Yeah. We were determined. After six years I'm tired of running the block to get in and out. Then people on this street here would have to take the block to go to one section. It would just beginning to be bugged out. If you're talking about revitalizing a neighborhood—who would want to buy a home in a neighborhood where you got barricades sitting in the middle of the neighborhood. It doesn't look feasible to me. I would be turned off by it. They weren't the pretty barricades. These were some wooden sticks and some red. Then they had some dirt around it where it was supposed to been pretty flowers. The people always stomped the flowers. They always trashed the area. The people on the corner usually had to clean that up, along with anything else. Then the flowers died. It was just horrible. Then the weeds would just grow up. If we didn't cut them, the city never cut them. If you are going to own a piece of property in our neighborhood at least take care of it. We just decided maybe it's time for them to come down if we going to revitalize our neighborhood. That way it would make it more presentable to people just coming through. You'd have more assets in our neighborhoods because we need all the assets—. We have a large neighborhood. We have 3500 people in our neighborhoods. That's a large neighborhood and all of the kids. We just need as much assets in and out that we can get. Everything that happens downtown, the bike-a-thons, the run-a-thons, they all want to run through Belmont for some reason. If they're running this way we are blocked in at that time. The police department told us that they couldn't take them down. It would cost X amount of money, $5000, blah, blah, blah. We were like no you didn't tell us we had to pay to take them down. You said they were temporary. This went on for about six months. They had to do surveys to find out—. We did a petition for the residents to have it taken down. The police decided, "Well, we need to do our own survey. It may just be because you people that live on the corners, that it's bothering the most. The other residents see it as a help still." We outbidded them. We had more petition names than they had. They finally—it took them another six months to come up with the monies to take the barricades down which we had one at Kennon and Parsons. We had one at Kennon and Olmstead.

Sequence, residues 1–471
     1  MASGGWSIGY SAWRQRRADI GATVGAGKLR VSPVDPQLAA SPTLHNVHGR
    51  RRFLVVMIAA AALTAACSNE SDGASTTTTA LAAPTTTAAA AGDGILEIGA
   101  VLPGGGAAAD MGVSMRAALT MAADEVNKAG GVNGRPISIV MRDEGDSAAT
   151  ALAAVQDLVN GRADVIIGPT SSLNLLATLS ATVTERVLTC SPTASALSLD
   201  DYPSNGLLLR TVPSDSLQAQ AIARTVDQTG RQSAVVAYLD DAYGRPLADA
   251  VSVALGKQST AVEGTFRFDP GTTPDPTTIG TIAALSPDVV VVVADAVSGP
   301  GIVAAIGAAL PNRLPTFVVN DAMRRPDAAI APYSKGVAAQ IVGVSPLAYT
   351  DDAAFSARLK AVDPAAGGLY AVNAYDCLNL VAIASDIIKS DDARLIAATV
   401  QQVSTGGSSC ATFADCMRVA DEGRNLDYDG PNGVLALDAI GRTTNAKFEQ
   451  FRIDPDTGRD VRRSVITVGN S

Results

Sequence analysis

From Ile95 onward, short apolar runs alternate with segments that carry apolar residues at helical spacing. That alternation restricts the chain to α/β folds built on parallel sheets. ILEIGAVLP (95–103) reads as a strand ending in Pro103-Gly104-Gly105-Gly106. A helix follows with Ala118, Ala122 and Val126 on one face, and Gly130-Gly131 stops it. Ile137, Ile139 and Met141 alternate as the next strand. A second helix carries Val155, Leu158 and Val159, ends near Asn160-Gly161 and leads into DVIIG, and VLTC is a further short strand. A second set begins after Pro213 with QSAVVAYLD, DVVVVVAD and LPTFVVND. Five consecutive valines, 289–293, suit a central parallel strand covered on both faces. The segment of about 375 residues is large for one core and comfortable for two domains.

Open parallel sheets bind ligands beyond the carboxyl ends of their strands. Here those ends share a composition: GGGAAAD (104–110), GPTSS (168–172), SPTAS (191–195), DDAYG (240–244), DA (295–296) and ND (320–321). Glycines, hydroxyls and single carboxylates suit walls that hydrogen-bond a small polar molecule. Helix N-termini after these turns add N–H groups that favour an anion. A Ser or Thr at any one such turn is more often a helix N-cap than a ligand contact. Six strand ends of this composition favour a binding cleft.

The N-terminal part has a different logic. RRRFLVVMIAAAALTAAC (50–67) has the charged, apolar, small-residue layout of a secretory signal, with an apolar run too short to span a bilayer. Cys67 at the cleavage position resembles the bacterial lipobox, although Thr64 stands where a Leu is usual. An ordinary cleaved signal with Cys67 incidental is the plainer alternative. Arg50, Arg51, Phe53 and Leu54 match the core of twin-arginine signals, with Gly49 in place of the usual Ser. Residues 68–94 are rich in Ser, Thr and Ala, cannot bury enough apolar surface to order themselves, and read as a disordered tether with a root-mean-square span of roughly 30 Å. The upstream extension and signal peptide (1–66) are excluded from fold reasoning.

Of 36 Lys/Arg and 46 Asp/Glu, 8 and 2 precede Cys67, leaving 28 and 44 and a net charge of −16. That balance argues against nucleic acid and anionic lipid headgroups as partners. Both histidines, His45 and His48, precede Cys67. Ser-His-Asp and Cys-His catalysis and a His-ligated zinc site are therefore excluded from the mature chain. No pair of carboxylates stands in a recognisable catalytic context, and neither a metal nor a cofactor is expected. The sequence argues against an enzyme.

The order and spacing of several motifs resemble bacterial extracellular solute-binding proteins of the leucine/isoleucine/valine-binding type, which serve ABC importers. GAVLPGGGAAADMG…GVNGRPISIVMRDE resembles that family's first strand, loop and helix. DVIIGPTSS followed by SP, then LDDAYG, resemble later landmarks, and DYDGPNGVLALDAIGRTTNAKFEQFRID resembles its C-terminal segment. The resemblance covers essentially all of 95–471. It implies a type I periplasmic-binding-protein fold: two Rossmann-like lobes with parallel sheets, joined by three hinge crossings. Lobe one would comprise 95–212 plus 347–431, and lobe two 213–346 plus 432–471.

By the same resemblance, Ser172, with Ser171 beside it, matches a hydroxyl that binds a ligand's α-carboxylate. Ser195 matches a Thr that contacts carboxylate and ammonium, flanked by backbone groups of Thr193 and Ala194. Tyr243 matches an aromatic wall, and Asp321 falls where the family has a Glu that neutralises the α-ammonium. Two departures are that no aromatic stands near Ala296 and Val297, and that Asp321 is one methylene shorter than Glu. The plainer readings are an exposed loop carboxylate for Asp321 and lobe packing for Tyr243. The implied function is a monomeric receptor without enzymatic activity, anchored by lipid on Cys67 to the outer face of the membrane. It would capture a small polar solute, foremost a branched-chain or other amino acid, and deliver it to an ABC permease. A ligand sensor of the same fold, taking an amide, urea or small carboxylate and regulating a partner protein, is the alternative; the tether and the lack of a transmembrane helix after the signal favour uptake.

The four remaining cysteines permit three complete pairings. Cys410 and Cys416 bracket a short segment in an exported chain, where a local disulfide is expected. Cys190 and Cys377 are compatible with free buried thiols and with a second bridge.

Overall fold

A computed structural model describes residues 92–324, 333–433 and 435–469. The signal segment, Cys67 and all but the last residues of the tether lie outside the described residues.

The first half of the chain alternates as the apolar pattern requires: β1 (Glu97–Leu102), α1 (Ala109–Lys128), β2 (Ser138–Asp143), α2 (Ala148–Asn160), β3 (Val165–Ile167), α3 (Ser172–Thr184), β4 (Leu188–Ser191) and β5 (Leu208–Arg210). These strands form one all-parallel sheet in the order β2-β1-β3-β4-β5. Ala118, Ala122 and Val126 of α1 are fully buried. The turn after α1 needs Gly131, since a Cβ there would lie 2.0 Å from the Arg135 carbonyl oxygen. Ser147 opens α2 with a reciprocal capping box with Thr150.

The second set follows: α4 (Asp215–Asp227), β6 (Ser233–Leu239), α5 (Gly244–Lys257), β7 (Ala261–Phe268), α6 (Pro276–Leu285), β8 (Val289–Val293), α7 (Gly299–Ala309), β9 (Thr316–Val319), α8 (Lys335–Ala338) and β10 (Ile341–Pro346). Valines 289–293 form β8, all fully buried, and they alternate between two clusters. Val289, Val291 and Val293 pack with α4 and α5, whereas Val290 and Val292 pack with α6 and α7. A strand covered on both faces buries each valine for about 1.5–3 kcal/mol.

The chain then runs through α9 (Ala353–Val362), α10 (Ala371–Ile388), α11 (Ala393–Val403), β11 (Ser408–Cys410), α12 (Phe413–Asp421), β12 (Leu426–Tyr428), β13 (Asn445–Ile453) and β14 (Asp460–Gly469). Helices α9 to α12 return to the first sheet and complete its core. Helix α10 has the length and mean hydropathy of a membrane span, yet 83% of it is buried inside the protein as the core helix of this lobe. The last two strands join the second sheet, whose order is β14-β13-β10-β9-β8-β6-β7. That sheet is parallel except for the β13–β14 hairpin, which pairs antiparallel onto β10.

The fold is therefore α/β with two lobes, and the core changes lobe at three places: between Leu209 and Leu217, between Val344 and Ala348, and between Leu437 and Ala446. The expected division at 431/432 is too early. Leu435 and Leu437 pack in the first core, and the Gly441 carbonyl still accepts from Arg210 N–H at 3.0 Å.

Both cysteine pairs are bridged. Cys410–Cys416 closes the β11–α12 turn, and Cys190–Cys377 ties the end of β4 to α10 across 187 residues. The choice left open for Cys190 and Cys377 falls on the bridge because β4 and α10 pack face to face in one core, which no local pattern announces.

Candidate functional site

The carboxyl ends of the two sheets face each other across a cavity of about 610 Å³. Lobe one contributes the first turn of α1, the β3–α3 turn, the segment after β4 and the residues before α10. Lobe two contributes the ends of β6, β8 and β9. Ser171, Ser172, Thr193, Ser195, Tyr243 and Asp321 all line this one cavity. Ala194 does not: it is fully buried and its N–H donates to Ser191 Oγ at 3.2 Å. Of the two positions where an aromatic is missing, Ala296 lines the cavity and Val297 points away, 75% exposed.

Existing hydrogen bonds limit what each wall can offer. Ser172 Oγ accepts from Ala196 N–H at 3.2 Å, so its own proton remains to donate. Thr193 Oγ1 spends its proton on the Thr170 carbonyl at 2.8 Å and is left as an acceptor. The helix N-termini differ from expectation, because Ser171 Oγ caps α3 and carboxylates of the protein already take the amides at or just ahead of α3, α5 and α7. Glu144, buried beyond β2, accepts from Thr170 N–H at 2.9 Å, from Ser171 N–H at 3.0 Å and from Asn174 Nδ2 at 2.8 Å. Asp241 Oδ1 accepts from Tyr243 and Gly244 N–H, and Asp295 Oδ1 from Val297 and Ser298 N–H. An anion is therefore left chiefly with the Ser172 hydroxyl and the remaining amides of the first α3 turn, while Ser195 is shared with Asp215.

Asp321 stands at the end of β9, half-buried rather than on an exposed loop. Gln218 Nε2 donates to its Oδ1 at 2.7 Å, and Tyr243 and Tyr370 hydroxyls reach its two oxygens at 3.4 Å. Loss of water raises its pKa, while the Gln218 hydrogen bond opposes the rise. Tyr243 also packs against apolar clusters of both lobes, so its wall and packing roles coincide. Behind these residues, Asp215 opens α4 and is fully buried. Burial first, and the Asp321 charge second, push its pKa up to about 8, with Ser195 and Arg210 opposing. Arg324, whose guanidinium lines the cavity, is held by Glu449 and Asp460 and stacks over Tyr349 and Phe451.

SARAH THUESEN:
So two different places?
DIANE ENGLISH:
Yeah, but they are both on Kennon. You go down Kennon and these are the side streets coming from Parkwood over on to Kennon Street. Kennon was your hot spot.
SARAH THUESEN:
When did they finally come down then?
DIANE ENGLISH:
It took them until 2001, I believe. I think they took them down like in 2001 or 2000. I really can't remember that date. It took us almost a year before they brought them down.
SARAH THUESEN:
What was the effect of taking them down?
DIANE ENGLISH:
We had the news media press. They came and did this big write up about it. I don't think—the police department didn't like it too well. They were invited and they were here. They just wanted to make sure that that was the thing we needed to do to keep down the traffic and the drug problem. So far we've done that.
SARAH THUESEN:
Without the barricade?
DIANE ENGLISH:
Without the barricades. It was going to happen anyway without the barricades. To me, it helped the traffic flow at that time. Nobody was really into the community watch program. A lot of people over here were afraid to call 9-1-1. A lot of people didn't communicate that they felt unsafe. They would just stay in their houses. At night they wouldn't come out. You couldn't sit on your porch or entertain because of the gunfire and the drug dealers standing around and robberies, just anytime. After the community watch program went into effect and they knew that it was a lot of people signed up for it. I think it slowed down the crime a lot. We felt more at ease really.